watershed groups are made up of people from every walk of life.
No matter what you're interested in or what skills you have, volunteering for a watershed group provides a very important service to the community by keeping an eye on water quality and happenings on land around the watershed.
The Independence Conservancy represents the Potato Garden Run, Little Raccoon Run, & Raccoon Creek Watersheds. The IC truly represents the watershed concept by stewarding in 3 counties: Allegheny, Beaver, & Washington.
Covering just 6.5 square miles, this watershed is site to the largest urban stream restoration in the country which was completed by the U.S. Army Corps of Engineers.
Founded in 1969 by North Hills residents, the group engages in ecological restoration projects, land conservation, education, advocacy, and scientific research in the Pine Creek Watershed.
This group conducts scientific assessments, inventories and research relevant to the natural resources of the watershed in order to develop and implement a watershed protection plan.
In partnership with Economic Development South, this group seeks to inspire communities in the Saw Mill Run and Streets Run Watersheds by providing environmental leadership, engaging citizens in direct action, and partnering on key issues that affect the well-being of the watershed.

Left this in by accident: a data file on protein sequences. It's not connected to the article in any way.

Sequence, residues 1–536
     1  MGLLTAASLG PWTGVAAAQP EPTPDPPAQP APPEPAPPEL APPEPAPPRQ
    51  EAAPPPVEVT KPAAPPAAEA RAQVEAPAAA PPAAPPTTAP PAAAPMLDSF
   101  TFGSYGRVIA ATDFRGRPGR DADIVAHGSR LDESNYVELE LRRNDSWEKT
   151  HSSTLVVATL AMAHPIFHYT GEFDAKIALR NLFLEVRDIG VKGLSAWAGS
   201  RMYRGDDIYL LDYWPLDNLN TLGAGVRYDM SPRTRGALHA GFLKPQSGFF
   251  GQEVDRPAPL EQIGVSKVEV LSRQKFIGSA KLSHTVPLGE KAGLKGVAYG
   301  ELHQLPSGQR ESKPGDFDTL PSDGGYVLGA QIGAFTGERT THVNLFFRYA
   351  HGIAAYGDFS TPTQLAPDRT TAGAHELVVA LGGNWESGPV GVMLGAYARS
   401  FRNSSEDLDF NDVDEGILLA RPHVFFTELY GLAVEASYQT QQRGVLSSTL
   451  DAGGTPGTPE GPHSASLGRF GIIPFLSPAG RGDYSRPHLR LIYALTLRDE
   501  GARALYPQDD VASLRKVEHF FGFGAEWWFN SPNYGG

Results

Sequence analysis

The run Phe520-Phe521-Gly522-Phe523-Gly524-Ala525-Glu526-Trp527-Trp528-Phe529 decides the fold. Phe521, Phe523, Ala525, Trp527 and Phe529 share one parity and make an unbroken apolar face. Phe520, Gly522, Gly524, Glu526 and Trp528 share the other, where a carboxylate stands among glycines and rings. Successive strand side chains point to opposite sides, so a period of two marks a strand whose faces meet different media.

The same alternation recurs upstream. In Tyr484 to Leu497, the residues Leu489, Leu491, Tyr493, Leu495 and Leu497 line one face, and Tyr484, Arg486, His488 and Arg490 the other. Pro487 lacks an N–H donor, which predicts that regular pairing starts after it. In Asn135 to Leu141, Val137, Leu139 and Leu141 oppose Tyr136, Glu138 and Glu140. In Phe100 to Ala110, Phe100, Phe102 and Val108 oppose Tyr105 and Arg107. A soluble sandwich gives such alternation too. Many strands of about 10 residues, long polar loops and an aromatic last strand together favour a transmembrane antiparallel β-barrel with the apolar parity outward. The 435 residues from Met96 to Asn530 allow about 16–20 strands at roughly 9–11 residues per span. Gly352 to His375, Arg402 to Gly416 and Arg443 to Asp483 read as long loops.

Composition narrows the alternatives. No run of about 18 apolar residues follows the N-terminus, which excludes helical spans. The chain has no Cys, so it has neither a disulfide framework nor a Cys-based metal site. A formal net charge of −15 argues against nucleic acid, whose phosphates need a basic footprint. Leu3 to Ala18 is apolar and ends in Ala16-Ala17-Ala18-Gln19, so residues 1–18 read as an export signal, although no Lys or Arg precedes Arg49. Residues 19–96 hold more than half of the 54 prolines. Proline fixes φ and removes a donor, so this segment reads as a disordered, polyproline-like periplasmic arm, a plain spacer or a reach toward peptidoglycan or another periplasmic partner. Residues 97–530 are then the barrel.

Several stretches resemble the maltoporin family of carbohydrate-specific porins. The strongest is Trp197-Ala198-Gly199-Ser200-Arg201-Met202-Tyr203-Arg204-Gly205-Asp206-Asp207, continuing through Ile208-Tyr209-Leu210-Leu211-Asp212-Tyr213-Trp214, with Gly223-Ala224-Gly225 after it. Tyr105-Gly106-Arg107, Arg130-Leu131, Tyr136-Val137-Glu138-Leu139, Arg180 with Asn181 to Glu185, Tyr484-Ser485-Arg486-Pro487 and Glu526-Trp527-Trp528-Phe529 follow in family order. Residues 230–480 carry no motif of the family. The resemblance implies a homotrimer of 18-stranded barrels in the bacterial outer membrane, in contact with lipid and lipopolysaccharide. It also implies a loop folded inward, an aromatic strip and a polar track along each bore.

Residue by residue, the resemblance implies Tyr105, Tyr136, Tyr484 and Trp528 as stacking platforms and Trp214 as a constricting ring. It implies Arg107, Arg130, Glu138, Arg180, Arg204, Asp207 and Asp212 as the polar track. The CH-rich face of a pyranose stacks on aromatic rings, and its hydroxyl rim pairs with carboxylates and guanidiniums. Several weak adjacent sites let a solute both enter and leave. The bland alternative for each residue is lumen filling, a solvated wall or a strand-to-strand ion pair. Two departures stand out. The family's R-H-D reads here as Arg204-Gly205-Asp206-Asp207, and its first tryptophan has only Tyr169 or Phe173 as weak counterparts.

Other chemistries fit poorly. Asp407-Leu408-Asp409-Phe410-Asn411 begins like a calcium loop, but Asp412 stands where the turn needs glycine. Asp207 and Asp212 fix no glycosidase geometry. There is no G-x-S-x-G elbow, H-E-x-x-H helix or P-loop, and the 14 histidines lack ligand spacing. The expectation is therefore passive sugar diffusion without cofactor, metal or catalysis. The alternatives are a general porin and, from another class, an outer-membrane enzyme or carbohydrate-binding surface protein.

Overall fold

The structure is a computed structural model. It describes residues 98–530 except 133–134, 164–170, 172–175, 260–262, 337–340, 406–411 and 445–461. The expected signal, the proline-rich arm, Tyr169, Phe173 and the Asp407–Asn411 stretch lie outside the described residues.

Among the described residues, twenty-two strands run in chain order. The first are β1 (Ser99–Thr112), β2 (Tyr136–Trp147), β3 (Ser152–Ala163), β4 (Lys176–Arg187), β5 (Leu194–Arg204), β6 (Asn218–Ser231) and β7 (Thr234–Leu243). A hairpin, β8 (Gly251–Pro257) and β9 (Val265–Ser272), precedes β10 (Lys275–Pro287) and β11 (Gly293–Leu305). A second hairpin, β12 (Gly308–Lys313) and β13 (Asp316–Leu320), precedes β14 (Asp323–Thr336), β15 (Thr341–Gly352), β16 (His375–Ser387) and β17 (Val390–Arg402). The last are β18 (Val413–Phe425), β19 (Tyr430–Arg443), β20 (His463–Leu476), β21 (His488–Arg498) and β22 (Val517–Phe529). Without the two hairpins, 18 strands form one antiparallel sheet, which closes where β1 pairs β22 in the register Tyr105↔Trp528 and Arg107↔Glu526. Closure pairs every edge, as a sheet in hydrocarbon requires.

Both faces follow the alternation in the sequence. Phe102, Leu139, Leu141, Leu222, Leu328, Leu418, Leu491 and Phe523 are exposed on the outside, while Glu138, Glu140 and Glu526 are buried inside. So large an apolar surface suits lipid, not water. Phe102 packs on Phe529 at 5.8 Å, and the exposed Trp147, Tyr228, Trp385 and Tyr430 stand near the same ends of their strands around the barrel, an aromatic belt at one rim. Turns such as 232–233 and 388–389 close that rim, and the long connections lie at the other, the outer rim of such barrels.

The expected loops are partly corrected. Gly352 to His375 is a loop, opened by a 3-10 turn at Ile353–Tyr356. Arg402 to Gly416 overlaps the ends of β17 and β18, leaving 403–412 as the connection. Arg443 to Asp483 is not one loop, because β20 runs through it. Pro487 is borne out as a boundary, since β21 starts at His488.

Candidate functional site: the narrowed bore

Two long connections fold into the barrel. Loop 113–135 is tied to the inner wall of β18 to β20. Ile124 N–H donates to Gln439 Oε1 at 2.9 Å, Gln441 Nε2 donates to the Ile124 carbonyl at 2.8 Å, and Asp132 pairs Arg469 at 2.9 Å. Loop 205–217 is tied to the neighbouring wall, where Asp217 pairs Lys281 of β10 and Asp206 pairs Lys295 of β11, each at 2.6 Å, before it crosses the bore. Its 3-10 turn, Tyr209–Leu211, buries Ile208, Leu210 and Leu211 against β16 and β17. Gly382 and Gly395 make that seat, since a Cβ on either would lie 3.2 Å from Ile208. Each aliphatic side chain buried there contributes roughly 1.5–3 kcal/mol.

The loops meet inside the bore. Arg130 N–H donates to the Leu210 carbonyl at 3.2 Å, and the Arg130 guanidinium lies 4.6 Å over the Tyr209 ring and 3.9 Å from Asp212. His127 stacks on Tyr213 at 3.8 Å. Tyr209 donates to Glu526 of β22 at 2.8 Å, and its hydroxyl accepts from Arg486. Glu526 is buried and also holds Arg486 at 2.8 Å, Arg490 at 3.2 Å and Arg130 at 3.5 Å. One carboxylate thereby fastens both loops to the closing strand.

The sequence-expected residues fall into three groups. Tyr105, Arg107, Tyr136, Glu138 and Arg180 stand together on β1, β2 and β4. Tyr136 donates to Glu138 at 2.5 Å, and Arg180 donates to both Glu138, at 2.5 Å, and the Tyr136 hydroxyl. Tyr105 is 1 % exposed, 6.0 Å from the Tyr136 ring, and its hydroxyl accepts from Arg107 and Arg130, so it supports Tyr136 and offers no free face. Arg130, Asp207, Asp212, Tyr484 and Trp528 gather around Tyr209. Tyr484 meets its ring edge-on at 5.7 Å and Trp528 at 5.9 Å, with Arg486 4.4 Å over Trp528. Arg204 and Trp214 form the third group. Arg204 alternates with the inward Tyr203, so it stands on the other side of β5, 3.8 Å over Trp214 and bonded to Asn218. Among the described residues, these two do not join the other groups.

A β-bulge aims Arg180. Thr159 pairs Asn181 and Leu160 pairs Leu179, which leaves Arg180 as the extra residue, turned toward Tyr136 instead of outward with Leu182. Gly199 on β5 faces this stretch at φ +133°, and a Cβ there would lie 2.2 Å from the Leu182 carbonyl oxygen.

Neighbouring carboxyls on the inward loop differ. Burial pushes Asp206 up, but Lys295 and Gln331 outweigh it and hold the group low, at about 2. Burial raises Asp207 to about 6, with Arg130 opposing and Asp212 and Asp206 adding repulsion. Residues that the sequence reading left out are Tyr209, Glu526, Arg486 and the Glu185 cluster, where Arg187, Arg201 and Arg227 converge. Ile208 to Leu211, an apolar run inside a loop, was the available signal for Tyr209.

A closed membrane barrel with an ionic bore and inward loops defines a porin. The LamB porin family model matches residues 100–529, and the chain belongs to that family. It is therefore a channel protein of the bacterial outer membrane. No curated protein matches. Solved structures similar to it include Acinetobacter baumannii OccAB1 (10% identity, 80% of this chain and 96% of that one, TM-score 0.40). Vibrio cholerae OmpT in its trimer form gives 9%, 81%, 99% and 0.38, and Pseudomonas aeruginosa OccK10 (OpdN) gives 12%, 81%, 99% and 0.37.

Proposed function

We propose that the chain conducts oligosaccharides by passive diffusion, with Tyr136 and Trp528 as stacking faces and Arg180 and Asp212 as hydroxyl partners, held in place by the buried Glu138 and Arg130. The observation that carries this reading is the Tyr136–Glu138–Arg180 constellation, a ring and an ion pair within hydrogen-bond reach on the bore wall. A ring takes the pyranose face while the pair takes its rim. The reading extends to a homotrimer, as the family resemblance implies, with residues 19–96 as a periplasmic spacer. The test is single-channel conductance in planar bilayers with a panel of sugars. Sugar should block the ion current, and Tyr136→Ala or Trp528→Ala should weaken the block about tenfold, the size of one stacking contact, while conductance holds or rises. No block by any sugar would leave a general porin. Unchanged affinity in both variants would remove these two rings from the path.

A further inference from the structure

An all volunteer, nonprofit organization, this group has completed projects on abandoned mine drainage (AMD) reclamation, fish habitat restoration, as well as wetland trail creation and maintenance.
This watershed group spans two counties and has over 40 years of history protecting and improving the Turtle Creek Watershed by bringing together government organization, citizens, and other community members.
Recognizing the need to work as a complete watershed, the municipalities of Bridgeville, McDonald, North Fayette, and Oakdale are working together to engage residents & implement solutions to reduce flooding & improve water quality.
WHAT GROUPS DO
According to the EPA, 80% of U.S. streams are not monitored. Environmental professionals paid to monitor and improve water can't be everywhere or fix everything. Watershed groups fill this gap by monitoring what's going on in their watershed. They bring attention to critical issues, educate the public, and complete stream improvement projects. Each watershed group is different, but some common activities include water quality monitoring, walking the watershed to check out existing and potential problems, organizing stream clean up days, planting trees, completing stream improvement projects, and educating the public.
WORKING WITH MUNICIPALITIES
Watershed groups and municipalities can work together to complete stream improvement and outreach projects. This could be streamside plantings, creating a display for the public library, joint community day booth, or creating and sponsoring collaborative watershed maps and educational materials.
WORKING WITH STUDENTS
Education is key to improving water quality and habitat for fish and animals. There are many ways to reach out to students of any age group: groups can host watershed walks, advertise stream clean up days in schools, create watershed health displays for the local library, and create lesson plans to speak in schools or as an extracurricular activity.
FIND A WATERSHED GROUP NEAR YOU
Groups exist throughout Allegheny County, with many crossing municipality and county lines. Use this map to locate one near you.
No group in your area?
We can help!